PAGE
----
Good catch. Earlier in the life of this draft, the "expires" member was 
not required; that changed at one point but we neglected to update this 
text.

> Why is this
> "SHOULD" and not "MUST", and why is 0 not just outright invalid (previous
> sentence, change "non-negative" to "positive")?

On reflection, I see no reason to say SHOULD (i.e., I see no 
circumstance under which it would make sense for the client to consider 
the verification materials as valid if the "expires" value is zero).

So changing SHOULD to MUST seems like the right thing to do.

> (And similarly for
> Section 3.2.)

Yep.

> -- Section 3.2 --
> The example shows using the same sort of .well-known URI, but I presume
> there's no requirement that this referral be to one of those (if there
> is, the doc should say so).

The use of .well-known is not required, it's simply a useful convention.

> It might be worth making it clear, with
> something like this (or adjust it if my previous presumption is wrong):
>
> OLD
>     o  A "url" field whose value is a JSON string specifying the HTTPS
>        URL where POSH clients can obtain the actual certificate
>        information.
> NEW
>     o  A "url" field whose value is a JSON string specifying the HTTPS
>        URL where POSH clients can obtain the actual certificate
>        information.  The URL can be a similar .well-known POSH URL, but
>        it need not be.
> END

+1

> -- Section 8 --
> I'm not terribly happy with the mechanism of having a faux hierarchy in
> the .well-known name (posh.servicename.json), not registering any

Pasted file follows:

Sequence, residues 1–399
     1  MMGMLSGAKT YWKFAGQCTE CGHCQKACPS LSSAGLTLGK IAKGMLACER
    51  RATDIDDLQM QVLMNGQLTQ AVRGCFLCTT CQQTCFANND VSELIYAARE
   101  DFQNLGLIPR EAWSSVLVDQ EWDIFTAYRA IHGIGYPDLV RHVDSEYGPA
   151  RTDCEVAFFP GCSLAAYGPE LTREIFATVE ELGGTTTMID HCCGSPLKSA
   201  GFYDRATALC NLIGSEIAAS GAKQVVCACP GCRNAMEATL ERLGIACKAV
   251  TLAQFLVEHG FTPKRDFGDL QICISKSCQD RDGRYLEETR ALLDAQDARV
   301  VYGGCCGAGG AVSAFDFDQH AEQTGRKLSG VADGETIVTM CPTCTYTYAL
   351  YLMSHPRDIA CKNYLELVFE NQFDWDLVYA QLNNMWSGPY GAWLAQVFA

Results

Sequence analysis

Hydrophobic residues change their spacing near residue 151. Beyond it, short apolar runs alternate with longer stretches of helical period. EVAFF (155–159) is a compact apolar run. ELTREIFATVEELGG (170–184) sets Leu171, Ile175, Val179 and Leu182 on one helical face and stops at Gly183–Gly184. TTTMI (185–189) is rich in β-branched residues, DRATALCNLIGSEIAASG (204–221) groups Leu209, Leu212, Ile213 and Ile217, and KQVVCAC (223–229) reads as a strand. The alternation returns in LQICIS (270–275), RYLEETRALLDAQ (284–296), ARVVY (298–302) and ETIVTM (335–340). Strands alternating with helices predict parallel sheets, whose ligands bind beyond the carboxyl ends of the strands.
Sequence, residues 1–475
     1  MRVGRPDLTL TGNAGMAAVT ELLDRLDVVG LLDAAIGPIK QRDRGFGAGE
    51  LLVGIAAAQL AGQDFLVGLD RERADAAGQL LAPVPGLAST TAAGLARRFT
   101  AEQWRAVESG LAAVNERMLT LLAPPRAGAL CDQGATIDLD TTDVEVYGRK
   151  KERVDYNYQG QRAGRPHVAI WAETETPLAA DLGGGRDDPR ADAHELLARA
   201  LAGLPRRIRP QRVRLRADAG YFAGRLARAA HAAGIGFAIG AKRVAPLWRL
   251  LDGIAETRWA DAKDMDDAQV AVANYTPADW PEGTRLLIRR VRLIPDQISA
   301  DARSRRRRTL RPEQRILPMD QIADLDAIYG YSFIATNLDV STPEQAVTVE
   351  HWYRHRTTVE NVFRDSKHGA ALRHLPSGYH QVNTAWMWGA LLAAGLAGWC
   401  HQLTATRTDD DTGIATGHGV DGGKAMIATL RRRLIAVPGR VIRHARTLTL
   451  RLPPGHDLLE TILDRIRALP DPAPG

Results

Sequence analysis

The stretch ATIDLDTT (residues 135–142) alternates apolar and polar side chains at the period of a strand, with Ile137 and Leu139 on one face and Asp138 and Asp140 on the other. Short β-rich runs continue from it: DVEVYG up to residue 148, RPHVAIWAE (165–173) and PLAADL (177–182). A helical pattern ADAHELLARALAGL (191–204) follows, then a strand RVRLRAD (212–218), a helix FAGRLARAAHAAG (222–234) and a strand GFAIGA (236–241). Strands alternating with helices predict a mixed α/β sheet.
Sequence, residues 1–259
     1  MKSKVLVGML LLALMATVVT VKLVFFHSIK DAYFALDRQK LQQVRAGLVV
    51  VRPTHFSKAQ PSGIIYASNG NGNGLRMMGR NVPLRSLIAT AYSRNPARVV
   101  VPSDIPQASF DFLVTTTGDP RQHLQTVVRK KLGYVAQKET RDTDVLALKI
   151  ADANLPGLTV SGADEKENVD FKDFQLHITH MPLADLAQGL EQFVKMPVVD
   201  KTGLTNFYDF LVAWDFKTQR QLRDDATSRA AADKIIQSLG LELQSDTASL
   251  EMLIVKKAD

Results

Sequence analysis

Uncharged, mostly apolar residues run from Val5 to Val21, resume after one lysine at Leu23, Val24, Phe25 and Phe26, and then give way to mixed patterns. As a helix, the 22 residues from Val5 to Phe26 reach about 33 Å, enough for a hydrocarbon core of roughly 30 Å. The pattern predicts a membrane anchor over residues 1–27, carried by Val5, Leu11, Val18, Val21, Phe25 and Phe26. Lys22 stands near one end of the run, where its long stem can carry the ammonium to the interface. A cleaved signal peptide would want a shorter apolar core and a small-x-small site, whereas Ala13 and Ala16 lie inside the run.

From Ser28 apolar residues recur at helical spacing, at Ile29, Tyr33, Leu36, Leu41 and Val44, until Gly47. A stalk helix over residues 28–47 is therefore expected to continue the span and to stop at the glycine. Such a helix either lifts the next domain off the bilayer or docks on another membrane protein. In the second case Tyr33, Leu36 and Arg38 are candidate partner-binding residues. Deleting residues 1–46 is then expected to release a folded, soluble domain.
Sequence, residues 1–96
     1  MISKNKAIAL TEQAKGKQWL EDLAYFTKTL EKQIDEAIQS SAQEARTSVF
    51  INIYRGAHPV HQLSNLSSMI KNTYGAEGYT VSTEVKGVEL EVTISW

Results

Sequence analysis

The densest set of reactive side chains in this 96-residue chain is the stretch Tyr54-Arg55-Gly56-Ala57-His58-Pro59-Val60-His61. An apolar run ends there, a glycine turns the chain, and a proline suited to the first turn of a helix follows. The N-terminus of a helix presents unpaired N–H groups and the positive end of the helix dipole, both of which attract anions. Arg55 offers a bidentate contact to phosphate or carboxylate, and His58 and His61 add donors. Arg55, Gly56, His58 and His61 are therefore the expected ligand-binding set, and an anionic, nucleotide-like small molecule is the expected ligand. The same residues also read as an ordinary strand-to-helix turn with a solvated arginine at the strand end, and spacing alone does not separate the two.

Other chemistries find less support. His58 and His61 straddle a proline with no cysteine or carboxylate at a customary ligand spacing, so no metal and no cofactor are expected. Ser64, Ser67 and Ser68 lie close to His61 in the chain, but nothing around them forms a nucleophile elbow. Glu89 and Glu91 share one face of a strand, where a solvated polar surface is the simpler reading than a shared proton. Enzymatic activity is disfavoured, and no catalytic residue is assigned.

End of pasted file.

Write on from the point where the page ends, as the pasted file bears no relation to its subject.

> .well-known name here, and asking the .well-known registry (via the
> designated expert) to register and evaluate each POSH service -- the
> .well-known DE is not an expert for POSH.  Also if, using your example,
> Victoria Beckham should want to have a .well-known URI to access her
> tweets from anywhere, returning them in JSON wrappers, she might want to
> register "posh.spice.json", which would then get in the way of that name
> for POSH, entirely unintentionally.
>
> I'd be much happier with using a real URI hierarchy and registering
> "posh" as a .well-known name here, so a POSH URI might be this:
>     https://hosting.example.net/.well-known/posh/spice/json
> or this (I prefer the former, but don't really care):
>     https://hosting.example.net/.well-known/posh/spice.json
> ...and you might establish an FCFS registry of POSH service names under
> which "spice" (or "spice.json") would be registered.  Now you're putting
> it all under one .well-known name, and only asking the .well-known expert
> to review this one, rather than one for every POSH service.

We're not terribly happy with the faux hierarchy, either, and we 
considered the approach you suggest (and consulted on the matter with 
Mark Nottingham). Unfortunately, the specification for well-known URIs 
(RFC 5785) states:

    Registered names MUST conform to the segment-nz production in
    [RFC3986].

Because the segment-nz production does not allow "/", a real hierarchy 
won't work.

In practice, we are not expecting a large number of POSH registrations 
so I doubt that this would put a significant burden on the DE for the 
well-known URI registry. However, do you think it would be helpful to 
provide some additional guidance to the DE in this document?

Peter

P.S. My co-author is on vacation right now so I might not be able to 
coordinate with him quickly.